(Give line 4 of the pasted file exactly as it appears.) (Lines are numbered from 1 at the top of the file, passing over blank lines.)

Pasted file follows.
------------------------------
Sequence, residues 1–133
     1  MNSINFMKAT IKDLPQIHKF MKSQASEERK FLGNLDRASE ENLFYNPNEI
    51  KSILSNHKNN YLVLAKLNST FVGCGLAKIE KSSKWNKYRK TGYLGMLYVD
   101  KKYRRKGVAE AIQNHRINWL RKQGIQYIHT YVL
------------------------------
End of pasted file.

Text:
   101  KKYRRKGVAE AIQNHRINWL RKQGIQYIHT YVL